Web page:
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Stent Catheter Recall-NanoCross Dilation Catheter Could Break During Use–Need Bar Code Technology to “Scan that Cath

Posted Dec 30 2010 1:19pm

When you look at the website though instead of the recall having center stage first I image see the notice about the “biggest healthcare spinoff in US history” listed and when you go further down you do see the recall notice on the page.  When it comes to news, spinoff trumps recalls and potential dangers it looks like. 

Recalls of both medical devices and drugs are growing for a number of reasons.  First of all, we have a lot more information available today than what we have ever had and we need to capitalize on this opportunity quickly.   We read in the news every day it seems about quality control issues, devices needing software updates and image so on.  How do we get the word out quickly and efficiently?  If one has times they can certainly search the web and put out a full on effort to find all of this every day, but healthcare workers have the same problems we all have and that is time.  When human lives are involved, time is everything.

I started this campaign a year ago with lots of support from readers and have sent this to the FDA, DEA and a few drug and device companies. image I said a year ago that recalls would accelerate and that we did not need to be the BP of recalls, which that is where are certainly headed.  No drug or device company is above this occurring today and many suggest RFID solutions which are good too, but the bar codes go to the web and can offer more detailed information so combine the solutions.  It's about time someone does a pilot on this!  Everyone who reads here, keep voting!!  There are stories and I have posted a couple here in the past where people had died getting implanted with a device that has been recalled and was missed being pulled from inventory and the surgeons had no idea it had been recalled.  In the day where we have a technology solution for this, it’s shame luddites still exist and don’t collaborate and pursue answers and prefer to put patients in danger.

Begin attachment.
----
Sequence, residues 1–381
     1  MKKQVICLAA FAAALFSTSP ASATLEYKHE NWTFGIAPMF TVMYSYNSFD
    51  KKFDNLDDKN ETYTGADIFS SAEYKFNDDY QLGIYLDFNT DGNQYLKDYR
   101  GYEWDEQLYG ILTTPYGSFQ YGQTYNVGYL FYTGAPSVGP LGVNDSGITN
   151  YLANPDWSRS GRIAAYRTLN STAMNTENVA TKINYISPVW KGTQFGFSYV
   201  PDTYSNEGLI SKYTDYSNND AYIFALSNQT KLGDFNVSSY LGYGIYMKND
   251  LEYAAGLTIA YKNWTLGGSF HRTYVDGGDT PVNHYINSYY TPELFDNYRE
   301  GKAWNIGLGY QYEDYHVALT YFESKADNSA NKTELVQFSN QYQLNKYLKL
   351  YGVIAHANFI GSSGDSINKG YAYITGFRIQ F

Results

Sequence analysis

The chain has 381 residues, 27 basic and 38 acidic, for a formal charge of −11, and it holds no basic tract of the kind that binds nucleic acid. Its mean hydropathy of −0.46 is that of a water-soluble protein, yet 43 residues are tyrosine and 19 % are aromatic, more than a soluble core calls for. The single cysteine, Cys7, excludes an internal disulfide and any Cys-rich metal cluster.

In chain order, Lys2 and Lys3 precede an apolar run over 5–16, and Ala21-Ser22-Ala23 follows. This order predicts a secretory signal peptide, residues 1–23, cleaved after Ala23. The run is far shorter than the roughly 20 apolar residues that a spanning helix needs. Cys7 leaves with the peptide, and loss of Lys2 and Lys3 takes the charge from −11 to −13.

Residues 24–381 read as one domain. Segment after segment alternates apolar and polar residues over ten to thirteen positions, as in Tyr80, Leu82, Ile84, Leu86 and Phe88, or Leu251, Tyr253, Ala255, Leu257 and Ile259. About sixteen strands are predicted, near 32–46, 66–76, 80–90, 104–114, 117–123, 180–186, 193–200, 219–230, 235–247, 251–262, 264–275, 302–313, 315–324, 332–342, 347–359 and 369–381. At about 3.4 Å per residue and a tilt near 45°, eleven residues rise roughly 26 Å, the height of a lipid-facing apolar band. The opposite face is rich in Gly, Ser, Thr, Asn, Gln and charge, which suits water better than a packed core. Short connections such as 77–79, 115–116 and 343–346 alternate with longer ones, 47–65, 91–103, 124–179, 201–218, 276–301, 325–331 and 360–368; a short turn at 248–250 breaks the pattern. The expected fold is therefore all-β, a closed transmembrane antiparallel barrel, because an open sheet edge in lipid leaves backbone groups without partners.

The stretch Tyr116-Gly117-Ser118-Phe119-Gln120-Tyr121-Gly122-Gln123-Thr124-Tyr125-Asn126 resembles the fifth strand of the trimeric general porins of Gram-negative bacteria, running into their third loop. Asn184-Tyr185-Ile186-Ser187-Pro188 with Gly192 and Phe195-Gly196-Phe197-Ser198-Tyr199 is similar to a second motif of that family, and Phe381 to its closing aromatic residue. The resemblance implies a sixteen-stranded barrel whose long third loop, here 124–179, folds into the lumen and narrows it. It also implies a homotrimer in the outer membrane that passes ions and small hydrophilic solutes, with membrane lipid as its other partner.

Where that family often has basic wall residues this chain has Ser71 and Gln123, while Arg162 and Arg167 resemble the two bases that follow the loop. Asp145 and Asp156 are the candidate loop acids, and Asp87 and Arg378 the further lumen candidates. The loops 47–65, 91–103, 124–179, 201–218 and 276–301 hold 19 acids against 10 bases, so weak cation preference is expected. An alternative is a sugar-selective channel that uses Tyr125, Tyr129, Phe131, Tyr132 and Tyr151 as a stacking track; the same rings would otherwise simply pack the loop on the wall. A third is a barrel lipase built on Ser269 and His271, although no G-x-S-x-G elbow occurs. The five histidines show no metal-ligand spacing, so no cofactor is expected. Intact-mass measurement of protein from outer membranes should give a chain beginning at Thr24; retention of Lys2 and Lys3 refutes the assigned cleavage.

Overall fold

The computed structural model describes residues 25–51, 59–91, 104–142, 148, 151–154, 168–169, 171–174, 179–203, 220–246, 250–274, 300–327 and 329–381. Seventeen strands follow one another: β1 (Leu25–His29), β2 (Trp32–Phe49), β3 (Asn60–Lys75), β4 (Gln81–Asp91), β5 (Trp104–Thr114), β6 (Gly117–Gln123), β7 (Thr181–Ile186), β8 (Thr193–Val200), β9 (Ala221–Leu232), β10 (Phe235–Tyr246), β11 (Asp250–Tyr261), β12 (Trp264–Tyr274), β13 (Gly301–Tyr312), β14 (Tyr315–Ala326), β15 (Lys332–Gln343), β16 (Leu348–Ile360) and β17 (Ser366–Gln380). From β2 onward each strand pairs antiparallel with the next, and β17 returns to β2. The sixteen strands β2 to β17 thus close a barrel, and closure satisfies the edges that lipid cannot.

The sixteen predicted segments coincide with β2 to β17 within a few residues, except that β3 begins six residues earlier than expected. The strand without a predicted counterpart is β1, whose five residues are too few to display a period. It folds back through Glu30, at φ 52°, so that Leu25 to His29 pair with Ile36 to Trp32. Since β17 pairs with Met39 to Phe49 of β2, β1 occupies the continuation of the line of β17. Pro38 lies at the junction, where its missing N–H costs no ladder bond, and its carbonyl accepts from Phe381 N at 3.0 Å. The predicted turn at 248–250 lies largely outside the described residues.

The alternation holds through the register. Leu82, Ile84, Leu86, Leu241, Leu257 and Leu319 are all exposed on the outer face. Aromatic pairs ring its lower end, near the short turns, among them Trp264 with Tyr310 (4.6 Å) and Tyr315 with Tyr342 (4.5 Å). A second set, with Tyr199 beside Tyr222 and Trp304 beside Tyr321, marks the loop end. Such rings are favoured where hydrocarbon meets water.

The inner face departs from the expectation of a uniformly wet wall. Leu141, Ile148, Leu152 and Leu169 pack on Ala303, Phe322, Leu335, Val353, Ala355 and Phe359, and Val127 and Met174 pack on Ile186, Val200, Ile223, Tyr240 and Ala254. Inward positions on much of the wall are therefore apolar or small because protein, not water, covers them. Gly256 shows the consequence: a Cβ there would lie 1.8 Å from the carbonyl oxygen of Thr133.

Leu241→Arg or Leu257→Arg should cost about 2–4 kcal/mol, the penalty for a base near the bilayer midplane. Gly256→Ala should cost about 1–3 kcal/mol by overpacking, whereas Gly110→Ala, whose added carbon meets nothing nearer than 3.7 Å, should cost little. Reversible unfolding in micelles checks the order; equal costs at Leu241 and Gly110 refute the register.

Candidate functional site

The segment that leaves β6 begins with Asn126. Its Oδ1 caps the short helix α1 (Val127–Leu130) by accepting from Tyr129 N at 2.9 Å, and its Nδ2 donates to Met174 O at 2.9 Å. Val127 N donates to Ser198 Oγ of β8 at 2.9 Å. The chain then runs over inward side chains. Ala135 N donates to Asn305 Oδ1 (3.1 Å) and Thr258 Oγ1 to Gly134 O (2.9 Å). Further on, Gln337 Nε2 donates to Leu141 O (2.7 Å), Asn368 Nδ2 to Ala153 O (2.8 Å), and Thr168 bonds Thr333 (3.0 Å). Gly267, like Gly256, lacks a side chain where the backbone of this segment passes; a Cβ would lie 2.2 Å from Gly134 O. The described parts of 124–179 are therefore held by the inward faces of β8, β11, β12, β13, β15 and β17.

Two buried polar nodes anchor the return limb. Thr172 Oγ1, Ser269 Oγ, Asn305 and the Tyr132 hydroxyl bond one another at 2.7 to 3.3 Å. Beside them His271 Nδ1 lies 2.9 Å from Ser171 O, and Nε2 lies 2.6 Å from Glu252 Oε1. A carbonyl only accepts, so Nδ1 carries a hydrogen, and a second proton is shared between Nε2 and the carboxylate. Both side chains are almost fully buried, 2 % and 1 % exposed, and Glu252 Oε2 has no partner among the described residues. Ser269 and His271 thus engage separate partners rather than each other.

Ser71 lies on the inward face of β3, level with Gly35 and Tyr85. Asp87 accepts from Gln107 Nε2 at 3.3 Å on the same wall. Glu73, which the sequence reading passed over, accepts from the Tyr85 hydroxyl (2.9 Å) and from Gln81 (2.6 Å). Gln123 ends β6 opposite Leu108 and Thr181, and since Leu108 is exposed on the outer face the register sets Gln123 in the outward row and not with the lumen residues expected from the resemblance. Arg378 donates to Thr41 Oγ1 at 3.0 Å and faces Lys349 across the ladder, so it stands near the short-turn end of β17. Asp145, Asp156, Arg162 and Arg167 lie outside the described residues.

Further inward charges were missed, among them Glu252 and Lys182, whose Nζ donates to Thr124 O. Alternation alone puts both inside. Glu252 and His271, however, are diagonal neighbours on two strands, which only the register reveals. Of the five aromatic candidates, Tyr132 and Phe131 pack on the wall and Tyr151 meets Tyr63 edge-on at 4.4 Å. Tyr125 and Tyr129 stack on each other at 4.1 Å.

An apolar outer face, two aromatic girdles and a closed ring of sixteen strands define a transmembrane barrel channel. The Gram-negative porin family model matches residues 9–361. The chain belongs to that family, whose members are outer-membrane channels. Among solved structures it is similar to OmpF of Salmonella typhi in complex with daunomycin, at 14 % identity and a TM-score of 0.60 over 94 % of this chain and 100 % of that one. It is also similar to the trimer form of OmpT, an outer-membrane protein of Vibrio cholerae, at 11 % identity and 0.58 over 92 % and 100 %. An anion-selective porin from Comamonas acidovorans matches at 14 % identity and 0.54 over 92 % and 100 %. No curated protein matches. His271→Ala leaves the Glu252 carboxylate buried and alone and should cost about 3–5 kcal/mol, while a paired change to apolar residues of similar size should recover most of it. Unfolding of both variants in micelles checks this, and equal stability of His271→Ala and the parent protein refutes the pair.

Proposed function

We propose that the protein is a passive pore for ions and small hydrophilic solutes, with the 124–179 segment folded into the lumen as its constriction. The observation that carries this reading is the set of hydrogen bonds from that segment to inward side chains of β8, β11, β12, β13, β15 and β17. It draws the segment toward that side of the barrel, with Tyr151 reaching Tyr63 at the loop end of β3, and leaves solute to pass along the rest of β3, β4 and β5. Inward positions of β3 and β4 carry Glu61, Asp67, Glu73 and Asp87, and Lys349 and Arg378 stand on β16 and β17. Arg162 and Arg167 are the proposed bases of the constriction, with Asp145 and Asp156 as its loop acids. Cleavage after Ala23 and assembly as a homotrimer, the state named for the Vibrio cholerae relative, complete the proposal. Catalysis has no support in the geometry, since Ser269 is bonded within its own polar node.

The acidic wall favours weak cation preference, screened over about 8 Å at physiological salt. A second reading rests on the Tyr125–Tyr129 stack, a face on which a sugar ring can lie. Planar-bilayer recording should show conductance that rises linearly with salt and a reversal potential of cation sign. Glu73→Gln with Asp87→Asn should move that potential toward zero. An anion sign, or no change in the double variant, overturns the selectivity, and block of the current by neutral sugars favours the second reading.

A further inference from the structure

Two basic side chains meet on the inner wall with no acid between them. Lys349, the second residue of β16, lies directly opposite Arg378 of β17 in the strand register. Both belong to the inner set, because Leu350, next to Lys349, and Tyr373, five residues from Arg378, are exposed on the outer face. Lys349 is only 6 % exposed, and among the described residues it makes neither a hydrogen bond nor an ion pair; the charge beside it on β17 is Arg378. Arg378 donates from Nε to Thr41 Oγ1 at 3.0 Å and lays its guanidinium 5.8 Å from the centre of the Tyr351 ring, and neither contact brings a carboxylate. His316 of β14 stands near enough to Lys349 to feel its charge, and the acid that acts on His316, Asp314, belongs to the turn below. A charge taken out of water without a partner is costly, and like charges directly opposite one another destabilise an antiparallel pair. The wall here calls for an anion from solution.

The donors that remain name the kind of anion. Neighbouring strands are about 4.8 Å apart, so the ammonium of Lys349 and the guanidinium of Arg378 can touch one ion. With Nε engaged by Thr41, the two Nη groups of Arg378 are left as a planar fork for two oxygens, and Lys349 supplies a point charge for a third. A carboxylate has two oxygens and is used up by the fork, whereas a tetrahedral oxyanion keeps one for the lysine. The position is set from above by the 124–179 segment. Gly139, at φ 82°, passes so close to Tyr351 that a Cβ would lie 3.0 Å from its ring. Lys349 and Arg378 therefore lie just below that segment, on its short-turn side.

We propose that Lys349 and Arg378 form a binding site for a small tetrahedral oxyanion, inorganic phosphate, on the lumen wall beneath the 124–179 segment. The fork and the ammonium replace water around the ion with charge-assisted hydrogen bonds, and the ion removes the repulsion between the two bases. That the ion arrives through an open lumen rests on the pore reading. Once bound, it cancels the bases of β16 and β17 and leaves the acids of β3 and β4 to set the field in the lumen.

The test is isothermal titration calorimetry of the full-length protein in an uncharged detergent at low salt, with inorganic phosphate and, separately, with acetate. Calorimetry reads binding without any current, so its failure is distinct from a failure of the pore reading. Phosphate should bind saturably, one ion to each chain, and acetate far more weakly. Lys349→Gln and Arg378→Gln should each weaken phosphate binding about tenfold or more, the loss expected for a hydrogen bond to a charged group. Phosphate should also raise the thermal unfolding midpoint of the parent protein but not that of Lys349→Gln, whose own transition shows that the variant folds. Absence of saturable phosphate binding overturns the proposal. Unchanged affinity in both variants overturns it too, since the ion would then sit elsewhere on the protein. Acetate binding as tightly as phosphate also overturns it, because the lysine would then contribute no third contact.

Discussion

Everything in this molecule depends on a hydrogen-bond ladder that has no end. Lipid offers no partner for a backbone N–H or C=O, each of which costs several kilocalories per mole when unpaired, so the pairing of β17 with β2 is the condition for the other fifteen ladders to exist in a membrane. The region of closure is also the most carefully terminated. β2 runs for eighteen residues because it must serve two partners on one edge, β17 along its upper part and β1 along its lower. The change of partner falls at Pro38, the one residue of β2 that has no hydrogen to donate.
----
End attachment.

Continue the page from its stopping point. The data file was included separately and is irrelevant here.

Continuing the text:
We sit around and worry about advertisements and menthol cigarette regulations for example,  but we can’t get our nose out to create some real safety solutions.  Scan that knee, hip, defibrillator before you use it, takes a few seconds and will help hospital registries function and less mistakes

FDA Publishes Information on How to Identify Recalls – Why Not Scan That Stent With A Cell Phone and Make It Easy for the Public and Manufacturers To Keep Up, Notify And Automate Compliance

On another recall from Abbott on glucose testing strips in the news last week look at this massive amount of products that jeopardize consumer safety.  Everyone talks but no action from the luddite birds nest today.

Collaboration is just buzz word that everyone uses for their marketing today but nobody does squat to pursue safety technology. I think this is post # 62 that I have made in a little over a year’s time.